Substance use and psychological distress before and after the military to civilian transition


Background Those currently serving in the military constitute a vulnerable population given their high-risk status for substance use, and population data suggest that veterans continue to engage in significant substance use long after their military service ends. Recent research suggests that the separation transition from active duty to civilian life may be critical in terms of the future functioning of the veteran. Methods We sought to explore substance use prevalence, as well as potential emotional distress among veterans by retrospectively assessing substance use during active duty and following separation to examine possible changes in use over this period. This study assessed substance use and emotional distress in veterans (N = 80; 90% male) across the military to civilian transition. Findings Repeated measures tests indicated that endorsement of alcohol use, cigarette use, and prescription drug misuse was similar during active duty and post-separation, and marijuana and hard drug use endorsement increased significantly in the 6-mo period post-separation. Further, comorbid use of different substances was common. Active duty levels of anxiety/depression and aggressive feelings were maintained from active duty to post-separation, and feeling alone and military-based trauma symptoms increased significantly. Finally, participants indicated that only a minority of the veterans they knew were doing emotionally well or did not have alcohol/substance use issues. Discussion These findings indicate a clear need for substance use and psychological intervention availability before and after transition to enable veterans to transition to civilian life effectively. Based on the many issues at work during the transition process, programs may do well to focus more specifically on identification of problems and raising awareness, rather than awaiting more severe issues in the future. Validation of the difficulties of the separation transition, veterans' feelings of isolation, and the importance of veteran community support may help newly transitioning veterans find advocates who may help them navigate existing assistance programs.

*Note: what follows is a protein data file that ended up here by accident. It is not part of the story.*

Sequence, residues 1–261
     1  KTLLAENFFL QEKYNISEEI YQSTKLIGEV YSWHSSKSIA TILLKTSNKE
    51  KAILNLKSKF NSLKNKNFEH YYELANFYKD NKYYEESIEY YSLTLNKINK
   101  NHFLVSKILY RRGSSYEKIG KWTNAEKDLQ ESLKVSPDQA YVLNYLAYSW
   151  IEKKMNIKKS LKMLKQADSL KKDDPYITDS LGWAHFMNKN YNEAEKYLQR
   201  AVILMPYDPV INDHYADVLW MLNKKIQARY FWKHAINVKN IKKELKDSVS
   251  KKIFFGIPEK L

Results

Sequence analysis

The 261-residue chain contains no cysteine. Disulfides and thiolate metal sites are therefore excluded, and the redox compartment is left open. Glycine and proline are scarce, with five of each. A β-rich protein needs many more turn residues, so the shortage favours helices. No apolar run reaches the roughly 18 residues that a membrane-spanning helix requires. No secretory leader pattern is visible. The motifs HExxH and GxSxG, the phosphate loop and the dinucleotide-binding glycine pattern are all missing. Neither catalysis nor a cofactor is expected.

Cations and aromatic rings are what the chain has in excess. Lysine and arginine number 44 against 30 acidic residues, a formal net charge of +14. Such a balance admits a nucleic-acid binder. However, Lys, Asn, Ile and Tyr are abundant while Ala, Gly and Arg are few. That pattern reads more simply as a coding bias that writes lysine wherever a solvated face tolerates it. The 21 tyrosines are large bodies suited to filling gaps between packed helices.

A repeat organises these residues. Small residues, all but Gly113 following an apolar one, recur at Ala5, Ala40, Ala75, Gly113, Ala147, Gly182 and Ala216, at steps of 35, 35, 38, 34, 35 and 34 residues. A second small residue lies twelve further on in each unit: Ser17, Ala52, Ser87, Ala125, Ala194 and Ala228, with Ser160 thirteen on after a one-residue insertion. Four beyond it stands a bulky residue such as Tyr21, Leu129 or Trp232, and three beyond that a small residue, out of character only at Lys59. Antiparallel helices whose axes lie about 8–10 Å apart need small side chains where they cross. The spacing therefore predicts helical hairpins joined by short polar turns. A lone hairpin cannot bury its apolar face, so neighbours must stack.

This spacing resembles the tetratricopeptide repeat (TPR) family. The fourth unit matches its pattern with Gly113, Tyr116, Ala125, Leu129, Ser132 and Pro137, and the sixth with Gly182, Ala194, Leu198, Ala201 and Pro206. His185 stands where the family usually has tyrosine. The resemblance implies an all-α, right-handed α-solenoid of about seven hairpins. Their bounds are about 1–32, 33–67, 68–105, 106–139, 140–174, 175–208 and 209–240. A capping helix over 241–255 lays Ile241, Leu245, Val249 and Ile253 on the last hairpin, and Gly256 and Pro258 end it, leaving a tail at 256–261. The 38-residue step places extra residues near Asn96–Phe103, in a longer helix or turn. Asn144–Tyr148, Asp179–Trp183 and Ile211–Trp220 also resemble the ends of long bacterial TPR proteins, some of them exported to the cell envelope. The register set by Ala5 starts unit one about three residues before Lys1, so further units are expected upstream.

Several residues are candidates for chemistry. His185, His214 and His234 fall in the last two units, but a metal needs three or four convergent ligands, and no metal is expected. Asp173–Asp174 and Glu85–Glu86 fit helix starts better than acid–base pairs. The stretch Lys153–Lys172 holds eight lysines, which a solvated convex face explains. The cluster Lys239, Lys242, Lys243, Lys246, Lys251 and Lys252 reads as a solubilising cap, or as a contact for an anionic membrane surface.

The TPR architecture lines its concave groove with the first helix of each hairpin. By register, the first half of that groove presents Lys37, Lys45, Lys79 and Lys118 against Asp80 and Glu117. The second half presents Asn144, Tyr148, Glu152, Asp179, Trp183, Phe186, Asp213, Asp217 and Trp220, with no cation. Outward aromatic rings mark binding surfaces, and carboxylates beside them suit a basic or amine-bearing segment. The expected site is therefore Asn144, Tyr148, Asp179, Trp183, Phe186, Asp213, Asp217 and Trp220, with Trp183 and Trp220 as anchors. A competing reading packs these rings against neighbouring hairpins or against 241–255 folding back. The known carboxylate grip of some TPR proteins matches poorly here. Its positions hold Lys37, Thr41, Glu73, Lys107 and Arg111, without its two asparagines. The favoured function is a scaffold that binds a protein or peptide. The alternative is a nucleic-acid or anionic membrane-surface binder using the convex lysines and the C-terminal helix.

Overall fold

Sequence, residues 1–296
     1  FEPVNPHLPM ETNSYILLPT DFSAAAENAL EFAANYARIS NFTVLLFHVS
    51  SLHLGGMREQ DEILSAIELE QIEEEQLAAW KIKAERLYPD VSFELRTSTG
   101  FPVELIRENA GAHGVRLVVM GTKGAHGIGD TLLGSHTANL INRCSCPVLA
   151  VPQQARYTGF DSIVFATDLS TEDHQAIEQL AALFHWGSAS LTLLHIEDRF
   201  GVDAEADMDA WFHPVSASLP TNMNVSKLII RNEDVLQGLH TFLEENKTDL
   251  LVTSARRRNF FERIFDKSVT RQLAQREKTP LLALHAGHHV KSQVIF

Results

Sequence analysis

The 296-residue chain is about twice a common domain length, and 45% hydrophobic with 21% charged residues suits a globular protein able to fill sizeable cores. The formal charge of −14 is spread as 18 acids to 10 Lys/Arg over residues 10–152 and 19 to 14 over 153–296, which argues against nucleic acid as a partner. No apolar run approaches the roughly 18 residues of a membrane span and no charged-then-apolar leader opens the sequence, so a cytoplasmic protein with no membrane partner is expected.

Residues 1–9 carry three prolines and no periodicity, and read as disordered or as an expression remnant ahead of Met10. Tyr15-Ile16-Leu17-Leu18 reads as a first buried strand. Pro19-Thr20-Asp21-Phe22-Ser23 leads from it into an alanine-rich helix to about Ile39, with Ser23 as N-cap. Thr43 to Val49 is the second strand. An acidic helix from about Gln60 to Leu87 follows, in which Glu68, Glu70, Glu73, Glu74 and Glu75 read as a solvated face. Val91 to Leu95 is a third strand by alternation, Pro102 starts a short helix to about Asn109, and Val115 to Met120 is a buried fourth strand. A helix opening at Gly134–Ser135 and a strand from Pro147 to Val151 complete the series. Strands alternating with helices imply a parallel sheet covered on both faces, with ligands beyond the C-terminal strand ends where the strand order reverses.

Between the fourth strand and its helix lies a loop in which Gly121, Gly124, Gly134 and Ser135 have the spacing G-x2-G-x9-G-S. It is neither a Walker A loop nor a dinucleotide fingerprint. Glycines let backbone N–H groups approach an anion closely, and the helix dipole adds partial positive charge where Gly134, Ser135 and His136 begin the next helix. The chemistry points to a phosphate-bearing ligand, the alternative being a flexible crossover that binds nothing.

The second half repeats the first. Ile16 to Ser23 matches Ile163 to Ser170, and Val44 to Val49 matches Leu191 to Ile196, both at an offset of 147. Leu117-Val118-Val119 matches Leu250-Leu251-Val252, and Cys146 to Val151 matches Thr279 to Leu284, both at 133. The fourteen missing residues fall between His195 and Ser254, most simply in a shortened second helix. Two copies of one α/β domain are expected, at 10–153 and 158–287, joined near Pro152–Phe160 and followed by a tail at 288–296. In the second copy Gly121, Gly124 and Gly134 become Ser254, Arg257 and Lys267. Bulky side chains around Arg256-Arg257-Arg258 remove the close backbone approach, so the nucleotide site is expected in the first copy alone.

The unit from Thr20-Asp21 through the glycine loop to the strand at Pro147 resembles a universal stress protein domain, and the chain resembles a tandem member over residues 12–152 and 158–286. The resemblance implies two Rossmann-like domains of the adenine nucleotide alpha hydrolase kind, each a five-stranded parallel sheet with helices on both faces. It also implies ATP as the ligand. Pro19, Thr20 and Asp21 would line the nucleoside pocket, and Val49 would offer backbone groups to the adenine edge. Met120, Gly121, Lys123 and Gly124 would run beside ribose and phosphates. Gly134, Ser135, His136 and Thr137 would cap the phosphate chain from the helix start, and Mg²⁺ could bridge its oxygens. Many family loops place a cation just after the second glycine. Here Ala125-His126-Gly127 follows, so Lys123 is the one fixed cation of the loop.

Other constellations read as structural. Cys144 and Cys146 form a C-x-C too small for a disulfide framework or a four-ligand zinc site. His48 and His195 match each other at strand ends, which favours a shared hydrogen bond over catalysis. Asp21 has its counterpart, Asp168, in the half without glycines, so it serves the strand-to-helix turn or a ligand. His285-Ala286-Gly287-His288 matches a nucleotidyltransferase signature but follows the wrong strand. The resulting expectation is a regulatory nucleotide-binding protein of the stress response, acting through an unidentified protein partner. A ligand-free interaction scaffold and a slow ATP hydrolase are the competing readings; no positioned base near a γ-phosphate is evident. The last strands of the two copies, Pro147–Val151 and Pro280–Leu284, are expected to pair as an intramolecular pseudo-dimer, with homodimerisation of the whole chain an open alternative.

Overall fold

Publication Title

Military Medicine